Table 2.1. Representative metadata standards.




ISO / IEC – International Standards Organization / International Electrotechnical Commission, Motion Picture Experts Group


Universal Plug and Play Forum (MPEG-21 DIDL-Lite, etc.)


SMPTE – Society of Motion Picture and Television Engineers


AWMA – Advanced Media Workflow Association


CableLabs® (includes VoD)


Industry Forum, now ETSI – European Telecommunication Standards Institute

Timed Text


P/Meta, BWF

EBU – European Broadcasting Union

Dublin Core

DCMI – Dublin Core Metadata Initiative, US NISO Z39.85, ISO 15836, OAI









Dublin Core

The Dublin Core Metadata Initiative defines a set of 15 elements used for a wide range of bibliographic applications [DC03] and many media metadata systems incorporate the element tag names or a subset of the core elements. (The name refers to the origin of the initiative at the Online Computer Library Center workshop in Dublin, Ohio in 1995.) The core elements are easily understood, and are widely used in media metadata applications such as RSS Podcasts and UPnP item descriptions through the incorporation of XML name space extensions. Also, the Open Archives Initiative which promotes interoperability among XML repositories utilizes the DC element set [Lag02].

The core elements are not sufficient for most applications and can be thought of as a sort of least-common-denominator for metadata. For example, the Dublin Core defines a “date” element, but media applications may need to store multiple dates: such as the date that original work was published, the date performed, the date broadcast, etc. The Dublin Core element set has been extended (and referred to as the Qualified Dublin Core) to address this [Kur06]. There are three XML namespaces that define DC encoding (Table 2.2).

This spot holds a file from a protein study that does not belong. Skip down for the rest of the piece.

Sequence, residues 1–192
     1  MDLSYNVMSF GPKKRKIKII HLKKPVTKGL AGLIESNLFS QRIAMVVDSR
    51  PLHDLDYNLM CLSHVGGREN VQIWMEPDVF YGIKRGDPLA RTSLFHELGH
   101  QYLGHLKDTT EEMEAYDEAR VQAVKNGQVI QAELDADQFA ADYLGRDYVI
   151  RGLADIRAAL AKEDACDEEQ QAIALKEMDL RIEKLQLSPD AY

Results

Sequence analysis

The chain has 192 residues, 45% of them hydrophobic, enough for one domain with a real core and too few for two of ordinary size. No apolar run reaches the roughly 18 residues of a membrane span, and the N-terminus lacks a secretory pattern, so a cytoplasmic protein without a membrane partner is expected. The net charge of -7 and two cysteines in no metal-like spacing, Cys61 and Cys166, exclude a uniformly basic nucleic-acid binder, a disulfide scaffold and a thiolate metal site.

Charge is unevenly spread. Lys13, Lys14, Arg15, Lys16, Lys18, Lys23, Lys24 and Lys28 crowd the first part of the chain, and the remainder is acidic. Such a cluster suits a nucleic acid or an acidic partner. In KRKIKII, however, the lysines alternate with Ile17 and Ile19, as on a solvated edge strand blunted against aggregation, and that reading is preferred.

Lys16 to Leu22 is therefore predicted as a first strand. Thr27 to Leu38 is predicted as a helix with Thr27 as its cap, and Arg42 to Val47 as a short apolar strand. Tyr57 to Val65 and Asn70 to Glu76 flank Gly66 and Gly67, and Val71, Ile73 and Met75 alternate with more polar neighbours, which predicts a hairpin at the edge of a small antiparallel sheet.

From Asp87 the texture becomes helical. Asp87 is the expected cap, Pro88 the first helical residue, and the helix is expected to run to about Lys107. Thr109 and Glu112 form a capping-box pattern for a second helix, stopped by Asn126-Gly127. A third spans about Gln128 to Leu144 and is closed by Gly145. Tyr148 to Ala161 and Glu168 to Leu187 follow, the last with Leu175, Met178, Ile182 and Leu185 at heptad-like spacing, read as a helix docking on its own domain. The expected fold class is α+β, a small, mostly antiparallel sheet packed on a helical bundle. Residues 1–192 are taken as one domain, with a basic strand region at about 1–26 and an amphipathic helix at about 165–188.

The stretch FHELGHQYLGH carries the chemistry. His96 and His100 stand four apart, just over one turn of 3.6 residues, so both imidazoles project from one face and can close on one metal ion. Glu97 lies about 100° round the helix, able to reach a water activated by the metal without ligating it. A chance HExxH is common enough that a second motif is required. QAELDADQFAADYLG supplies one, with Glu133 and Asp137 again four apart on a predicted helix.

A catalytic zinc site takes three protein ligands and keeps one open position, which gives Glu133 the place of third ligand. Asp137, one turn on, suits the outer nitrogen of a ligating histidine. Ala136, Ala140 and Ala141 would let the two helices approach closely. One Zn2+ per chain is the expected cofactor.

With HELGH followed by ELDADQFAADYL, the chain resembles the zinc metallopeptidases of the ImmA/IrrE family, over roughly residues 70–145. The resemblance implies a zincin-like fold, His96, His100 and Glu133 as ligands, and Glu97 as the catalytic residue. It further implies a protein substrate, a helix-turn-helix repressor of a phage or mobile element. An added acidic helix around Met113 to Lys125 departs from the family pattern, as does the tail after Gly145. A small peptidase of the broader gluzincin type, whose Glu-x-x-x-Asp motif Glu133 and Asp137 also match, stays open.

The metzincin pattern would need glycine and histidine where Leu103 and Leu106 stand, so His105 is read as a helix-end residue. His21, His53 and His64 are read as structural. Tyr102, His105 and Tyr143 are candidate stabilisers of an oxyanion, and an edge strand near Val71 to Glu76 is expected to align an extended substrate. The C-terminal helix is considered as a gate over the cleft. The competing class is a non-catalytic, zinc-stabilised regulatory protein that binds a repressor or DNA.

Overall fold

Table 2.2. Dublin Core metadata and namespaces.



The 15 Dublin Core Metadata Elements (DCMES)

DCMI elements and qualifiers

DCMI Type Vocabulary

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MPEG-7 is an ISO/IEC specification titled the “Multimedia Content Description Interface” with a broad scope of standardizing interchange and representation of media metadata from low-level media descriptors, and up through semantic structure [ISO/IEC 15938]. Further, content management, navigation (e.g. summaries, decompositions) as well as usage information and user preferences are covered. Unlike some other metadata standards, MPEG-7 is not industry specific, and it is highly flexible. There are over 450 defined metadata types, and many type values can in turn be represented by classification schemes [Smi06]. To promote a wide range of applications and to allow for media analysis algorithm development, MPEG-7 does not specify how to extract or utilize media descriptors, but rather it focuses on how to represent this information. For example, visual descriptors include contour-based shape descriptors for representing image regions, but no assumptions are made about preferred image segmentation algorithms. MPEG-7 components are used in other metadata systems such at TV-Anytime and MPEG-21.